In 2014, Taylor Edmonds earned a Master of Science degree in Environmental Engineering (MSEE). Now, she builds bridges.
Some of the bridges are metaphorical ones, mind you – such as the one between a Guatemalan community in need and American organizations that get things done. As director of the engineering projects department for Asociación Civil La Libertad ALAS, Edmonds spent two-and-a-half years in Guatemala, much of it seeking out projects that would bring sustainable engineering solutions to rural Guatemalans’ water, sanitation, hygiene, education and health needs.
Edmonds volunteered with Engineers Without Borders throughout her school years, including a week on an assessment trip in Guatemala. She loved it so much that she returned two months later to work alongside volunteers from other nonprofits.
Her job was to visit the 38 villages near her rural dwelling and determine, with community members, public health projects that would make lives better. So far, she has worked with Engineers Without Borders on a project to bring potable water to more than 300 members of the community of Calante, who walk more than an hour to collect water during dry season.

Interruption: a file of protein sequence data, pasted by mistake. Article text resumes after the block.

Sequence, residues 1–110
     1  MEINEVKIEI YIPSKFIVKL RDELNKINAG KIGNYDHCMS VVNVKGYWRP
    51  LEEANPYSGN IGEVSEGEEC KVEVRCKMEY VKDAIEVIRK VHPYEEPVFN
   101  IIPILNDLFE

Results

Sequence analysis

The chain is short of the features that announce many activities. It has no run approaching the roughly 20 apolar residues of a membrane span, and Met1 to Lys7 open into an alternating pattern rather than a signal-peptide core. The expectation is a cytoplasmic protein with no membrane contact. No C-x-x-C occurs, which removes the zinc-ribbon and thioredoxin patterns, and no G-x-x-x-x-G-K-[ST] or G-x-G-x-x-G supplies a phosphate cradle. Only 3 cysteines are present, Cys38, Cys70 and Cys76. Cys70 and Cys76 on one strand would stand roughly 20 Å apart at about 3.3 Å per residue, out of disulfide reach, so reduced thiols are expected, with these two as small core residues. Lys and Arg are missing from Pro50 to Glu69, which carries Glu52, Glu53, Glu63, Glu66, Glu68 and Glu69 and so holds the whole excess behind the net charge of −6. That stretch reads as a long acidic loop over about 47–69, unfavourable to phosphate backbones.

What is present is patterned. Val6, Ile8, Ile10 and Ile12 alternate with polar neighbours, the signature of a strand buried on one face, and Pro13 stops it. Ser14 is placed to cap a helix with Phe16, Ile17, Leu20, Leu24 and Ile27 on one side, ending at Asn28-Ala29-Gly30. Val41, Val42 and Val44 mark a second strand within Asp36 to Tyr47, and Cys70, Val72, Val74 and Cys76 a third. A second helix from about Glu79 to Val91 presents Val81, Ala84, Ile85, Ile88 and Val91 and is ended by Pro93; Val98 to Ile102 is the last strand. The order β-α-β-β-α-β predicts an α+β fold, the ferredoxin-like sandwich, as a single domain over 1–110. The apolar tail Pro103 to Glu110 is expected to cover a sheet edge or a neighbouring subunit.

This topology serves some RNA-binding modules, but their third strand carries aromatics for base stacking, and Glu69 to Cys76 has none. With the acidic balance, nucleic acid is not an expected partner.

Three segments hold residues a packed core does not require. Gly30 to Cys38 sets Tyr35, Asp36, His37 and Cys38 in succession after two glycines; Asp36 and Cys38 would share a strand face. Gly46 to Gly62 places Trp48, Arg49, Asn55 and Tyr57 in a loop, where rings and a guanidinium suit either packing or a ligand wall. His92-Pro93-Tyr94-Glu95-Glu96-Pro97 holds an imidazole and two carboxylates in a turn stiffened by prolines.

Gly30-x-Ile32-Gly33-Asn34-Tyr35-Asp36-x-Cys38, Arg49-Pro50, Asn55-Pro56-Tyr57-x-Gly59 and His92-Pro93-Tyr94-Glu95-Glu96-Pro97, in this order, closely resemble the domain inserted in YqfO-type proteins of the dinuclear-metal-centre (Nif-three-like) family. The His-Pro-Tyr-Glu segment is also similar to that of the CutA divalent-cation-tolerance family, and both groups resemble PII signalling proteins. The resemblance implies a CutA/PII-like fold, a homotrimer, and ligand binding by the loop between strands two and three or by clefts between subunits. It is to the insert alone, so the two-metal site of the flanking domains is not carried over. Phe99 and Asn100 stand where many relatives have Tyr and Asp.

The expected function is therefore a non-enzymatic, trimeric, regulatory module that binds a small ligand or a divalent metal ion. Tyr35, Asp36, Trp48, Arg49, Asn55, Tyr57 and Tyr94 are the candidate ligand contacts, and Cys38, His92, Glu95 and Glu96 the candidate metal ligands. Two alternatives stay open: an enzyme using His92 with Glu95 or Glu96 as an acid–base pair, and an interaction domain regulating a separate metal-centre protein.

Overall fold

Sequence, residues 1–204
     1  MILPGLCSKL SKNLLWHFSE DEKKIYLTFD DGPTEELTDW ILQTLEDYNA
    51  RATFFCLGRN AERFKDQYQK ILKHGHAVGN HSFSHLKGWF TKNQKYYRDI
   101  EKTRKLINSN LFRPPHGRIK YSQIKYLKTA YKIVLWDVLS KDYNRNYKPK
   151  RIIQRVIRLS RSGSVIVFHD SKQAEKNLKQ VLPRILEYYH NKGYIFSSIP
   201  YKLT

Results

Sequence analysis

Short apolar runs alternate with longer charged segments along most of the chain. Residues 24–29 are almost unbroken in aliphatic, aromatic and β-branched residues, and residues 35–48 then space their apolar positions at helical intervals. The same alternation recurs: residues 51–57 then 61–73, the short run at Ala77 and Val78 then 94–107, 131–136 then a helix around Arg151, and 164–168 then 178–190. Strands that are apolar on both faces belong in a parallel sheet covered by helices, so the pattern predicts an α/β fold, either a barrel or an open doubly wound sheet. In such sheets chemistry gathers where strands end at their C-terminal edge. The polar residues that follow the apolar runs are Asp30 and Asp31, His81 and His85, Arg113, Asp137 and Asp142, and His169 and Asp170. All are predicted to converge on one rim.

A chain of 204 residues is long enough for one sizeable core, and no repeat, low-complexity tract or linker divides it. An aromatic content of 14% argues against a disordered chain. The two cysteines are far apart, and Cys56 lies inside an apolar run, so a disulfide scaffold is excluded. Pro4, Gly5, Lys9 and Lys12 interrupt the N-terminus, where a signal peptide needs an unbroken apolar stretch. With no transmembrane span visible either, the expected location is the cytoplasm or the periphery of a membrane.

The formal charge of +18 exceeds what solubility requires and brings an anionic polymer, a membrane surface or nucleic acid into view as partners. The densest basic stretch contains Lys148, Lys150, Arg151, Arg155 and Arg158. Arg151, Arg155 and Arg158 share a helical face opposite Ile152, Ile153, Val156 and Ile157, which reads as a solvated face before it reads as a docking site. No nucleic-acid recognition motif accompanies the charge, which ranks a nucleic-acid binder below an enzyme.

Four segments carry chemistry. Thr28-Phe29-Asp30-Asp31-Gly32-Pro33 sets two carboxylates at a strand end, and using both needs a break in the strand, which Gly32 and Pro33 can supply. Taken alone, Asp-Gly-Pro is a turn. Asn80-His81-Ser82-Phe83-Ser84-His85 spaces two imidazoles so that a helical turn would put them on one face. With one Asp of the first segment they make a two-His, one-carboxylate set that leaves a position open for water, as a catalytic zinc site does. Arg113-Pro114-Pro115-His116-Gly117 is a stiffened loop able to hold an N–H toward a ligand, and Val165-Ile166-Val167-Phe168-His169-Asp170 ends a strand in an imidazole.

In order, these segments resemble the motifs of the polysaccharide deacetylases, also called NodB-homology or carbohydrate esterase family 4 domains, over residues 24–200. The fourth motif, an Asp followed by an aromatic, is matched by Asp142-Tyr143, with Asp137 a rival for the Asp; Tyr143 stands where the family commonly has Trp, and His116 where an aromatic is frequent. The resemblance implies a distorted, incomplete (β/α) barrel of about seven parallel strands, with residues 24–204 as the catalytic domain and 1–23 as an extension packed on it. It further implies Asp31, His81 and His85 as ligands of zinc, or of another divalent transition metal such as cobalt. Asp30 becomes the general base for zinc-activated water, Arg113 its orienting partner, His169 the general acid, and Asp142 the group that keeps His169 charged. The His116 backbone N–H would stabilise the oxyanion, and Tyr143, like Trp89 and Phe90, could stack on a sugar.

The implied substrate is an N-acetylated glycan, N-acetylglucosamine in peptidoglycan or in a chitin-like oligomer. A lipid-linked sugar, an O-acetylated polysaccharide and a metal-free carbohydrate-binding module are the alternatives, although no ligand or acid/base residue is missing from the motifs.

With a group called Bridges to Prosperity, Edmonds works to build pedestrian bridges that allow villagers to cross flooded rivers during rainy season. Currently, community workers must walk up to two hours to reach their fields or take cattle to market. Edmonds also partners with two Rotary clubs to build and improve rural schools.
“I was in Guatemala for a week as a volunteer, and I couldn’t get the place or people out of my head,” she shares. “It completely changed my life.”
Working on her thesis project prepared her for this kind of work, she says, because it forced her to look at problems differently.
“The strategy and process I learned in doing the thesis,” Edmonds says, “helped me figure out what to do, how to do it and who to partner with along the way, all of which I need in my work now.”